Let me set the scene.
I was deep into a relaxing weekend with the family, far away from the internet and surrounded only by the most limited news (local newspaper + local tv). I was even managing to wean myself away from 24-7 hurricane watching, since I lacked The Weather Channel.
But then yesterday I read Nina Teicholz's article "Heart Breaker," from Gourmet's June 2004 issue (article begins on p. 100). I apologize, but I cannot seem to find the thing online. So go to your library--you know, the old way--and get it.
The gist is, that "trans fats" are much worse for your body than saturated fats, even though there was much hubbub about the latter and we are just now hearing about the former. For those of you who are not nutrition nuts, trans fats are a multibillion dollar industry. They are made by bombarding vegetable oil with hydrogen, thereby converting it from a liquid into a solid. They appear in many cookies, candies, cakes, crackers, margarines, and fried foods. In July the FDA announced that beginning in July 2006 manufacturers must print information about trans fats on labels.
The problem with trans fats is that in addition to their association with cancer, they raise the bad cholesterol (LDL) and lower good cholesterol (HDL). That means they can cause heart disease. According to Dr. Walter Willett, professor of nutrition and epidemiology at Harvard, for every 4-5 grams of trans fat you eat (every day?), your risk of heart disease nearly doubles. He has figured that on average Americans eat 5-6 g of trans fats daily.
The article starts by telling the story of a publication by Dr. Mary Enig:
"Here's the paper I wrote that made me realize just now much hot water I could get myself into on this issue," says Enig, shuffling through files in the suburban Maryland offices of the consulting firm Enig and Associates, where she is director of the nutritional services division. Even at age 73, the semi-retired Enig manages to exude an air of industry and determination. She pulls out a folder now wilting with age and waves a 1978 article published in the Journal of the Federation of American Societies for Experimental Biology. In it, she argued that a major government report correlating cancer with saturated fats was, in fact, wrong. The data cited in the report showed a much stronger link between cancer and trans fats, asserted Enig, and deserved further study.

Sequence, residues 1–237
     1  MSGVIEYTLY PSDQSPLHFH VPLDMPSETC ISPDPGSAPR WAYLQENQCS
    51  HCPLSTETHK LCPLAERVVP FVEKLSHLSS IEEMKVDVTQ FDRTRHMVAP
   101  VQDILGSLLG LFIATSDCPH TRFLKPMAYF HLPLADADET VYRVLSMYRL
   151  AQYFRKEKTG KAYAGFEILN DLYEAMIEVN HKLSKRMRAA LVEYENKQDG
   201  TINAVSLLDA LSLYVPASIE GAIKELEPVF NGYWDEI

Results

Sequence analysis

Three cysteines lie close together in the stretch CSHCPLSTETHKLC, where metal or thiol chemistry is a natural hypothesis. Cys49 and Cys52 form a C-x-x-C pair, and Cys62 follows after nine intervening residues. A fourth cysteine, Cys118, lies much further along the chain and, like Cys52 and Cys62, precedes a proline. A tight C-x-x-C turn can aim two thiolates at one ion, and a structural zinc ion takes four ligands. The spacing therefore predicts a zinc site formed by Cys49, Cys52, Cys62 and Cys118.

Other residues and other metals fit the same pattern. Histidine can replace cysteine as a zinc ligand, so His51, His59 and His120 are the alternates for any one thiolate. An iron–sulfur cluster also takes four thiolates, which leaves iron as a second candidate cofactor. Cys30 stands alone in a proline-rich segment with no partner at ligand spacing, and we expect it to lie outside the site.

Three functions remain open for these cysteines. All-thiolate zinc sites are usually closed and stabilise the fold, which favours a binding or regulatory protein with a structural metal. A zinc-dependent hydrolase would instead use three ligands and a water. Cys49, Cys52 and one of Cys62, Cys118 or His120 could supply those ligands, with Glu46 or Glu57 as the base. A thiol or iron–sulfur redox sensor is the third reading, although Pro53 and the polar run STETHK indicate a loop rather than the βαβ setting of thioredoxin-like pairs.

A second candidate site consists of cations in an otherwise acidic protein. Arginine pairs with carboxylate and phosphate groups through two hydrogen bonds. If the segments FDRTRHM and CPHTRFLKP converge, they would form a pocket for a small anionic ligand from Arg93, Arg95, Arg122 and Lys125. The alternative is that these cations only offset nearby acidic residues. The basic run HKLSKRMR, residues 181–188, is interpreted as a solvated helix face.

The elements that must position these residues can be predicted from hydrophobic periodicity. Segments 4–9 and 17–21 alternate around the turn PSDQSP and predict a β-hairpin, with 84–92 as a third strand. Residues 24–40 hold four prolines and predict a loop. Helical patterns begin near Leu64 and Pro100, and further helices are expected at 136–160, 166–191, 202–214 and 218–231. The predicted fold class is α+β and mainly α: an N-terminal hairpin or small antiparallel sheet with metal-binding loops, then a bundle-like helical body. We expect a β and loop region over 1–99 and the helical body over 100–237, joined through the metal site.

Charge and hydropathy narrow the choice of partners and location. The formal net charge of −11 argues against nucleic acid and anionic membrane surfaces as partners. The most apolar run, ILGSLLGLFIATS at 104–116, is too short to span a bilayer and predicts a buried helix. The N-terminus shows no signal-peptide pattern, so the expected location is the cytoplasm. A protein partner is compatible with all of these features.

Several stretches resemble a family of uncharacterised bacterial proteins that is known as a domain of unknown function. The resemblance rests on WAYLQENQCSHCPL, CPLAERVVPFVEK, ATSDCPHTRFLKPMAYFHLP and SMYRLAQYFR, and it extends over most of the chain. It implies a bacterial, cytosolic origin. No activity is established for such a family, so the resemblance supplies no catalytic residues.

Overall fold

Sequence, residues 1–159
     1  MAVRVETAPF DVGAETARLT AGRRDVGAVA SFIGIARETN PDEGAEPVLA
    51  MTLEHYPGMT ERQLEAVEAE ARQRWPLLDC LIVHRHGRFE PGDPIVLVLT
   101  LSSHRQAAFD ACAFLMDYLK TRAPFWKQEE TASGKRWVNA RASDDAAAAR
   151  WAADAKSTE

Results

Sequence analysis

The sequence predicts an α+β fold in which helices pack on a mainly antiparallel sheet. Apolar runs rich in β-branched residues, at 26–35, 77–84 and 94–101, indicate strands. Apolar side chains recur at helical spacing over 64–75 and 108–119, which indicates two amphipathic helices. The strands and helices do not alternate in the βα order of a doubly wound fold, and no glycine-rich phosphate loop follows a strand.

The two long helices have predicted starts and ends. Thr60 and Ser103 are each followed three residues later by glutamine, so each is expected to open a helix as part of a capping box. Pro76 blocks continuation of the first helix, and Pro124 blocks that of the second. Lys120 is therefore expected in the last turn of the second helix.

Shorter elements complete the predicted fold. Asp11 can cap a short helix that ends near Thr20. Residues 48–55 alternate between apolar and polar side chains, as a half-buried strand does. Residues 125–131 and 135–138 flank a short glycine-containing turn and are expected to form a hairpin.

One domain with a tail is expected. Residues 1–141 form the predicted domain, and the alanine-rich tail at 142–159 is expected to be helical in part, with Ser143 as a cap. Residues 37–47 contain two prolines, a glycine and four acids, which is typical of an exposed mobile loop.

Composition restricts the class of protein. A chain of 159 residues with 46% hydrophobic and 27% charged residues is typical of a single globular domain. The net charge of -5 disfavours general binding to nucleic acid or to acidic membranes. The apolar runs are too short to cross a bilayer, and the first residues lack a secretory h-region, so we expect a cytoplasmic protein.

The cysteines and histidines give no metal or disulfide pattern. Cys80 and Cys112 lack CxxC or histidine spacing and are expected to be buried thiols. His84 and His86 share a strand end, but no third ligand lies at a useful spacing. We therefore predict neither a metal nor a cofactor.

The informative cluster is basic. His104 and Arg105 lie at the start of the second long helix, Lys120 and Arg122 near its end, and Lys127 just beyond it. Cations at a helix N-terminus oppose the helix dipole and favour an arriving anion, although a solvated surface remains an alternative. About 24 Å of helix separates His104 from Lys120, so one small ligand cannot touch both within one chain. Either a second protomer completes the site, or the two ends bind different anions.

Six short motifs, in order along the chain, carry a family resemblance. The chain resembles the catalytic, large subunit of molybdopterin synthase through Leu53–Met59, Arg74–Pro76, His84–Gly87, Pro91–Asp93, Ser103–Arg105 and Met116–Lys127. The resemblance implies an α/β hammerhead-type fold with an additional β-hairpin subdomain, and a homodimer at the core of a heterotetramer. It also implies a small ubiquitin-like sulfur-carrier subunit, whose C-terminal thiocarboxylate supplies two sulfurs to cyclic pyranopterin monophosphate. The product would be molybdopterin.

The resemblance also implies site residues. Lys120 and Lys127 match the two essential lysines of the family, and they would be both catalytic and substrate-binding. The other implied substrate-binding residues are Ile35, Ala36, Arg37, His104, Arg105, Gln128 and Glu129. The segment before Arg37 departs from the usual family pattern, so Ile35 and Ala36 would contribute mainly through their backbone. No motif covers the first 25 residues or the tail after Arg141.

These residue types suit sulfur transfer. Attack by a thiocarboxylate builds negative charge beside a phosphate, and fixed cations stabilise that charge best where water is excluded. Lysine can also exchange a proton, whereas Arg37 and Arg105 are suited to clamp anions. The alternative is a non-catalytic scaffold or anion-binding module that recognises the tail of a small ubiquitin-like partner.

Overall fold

"Not too long after that, these two guys from the Institute of Shortening and Edible Oils--the trans fat lobby, basically--visited me and, boy, were they angry," she recalls. "They said they'd been keeping a careful watch to prevent articles like mine from coming out in the literature and didn't know how this horse had gotten out of the barn."
To my mind, one of the most important pieces of information in that passage is the date: 1978. In other words, science figured out a long time ago that these substances pose serious health risks, but only now is the FDA responding.
Even more galling than the constantly changing information we get from so-called authorities, though, is the question of how something as harmful as trans fats managed to make its way into 40 percent of baked goods (cookies, crackers, cakes, etc.) despite warnings dating back nearly 50 years.
Trans fats are a multibillion dollar a year industry; companies that hydrogenate oils include Bunge Foods, Cargill, and Archer Daniels Midland. (And the list of manufacturers that use trans fats in their products accounts for almost every major company in the food industry: Kraft, Nabisco, Kellogg, and Nestle are just a few.) Many of the companies that hydrogenate are represented by the Institute of Shortening and Edible Oils, which for decades has been quietly working to squelch bad news about trans fats. As far back as 1968, the ISEO was mentioned in an internal memo written by the medical director of the American Heart Association: According to the memo, the ISEO objected to the AHA's intention to include a warning about trans fats in its dietary guidelines; subsequently, the AHA took it out.
If you want more information about the trans fat content in foods, you can check out the listing on the TransFree America website. There is also good information about Trans Fats on the website of the Center for Science in the Public Interest .
But since accurate labeling of this information does not really exist yet, your best bet is to look for the words "hydrogenated" or "partially hydrogenated" or "shortening" on food labels, especially when they occur toward the top of the list. Based on what I've found in the last couple of days, I think you'll be surprised by its ubiquity.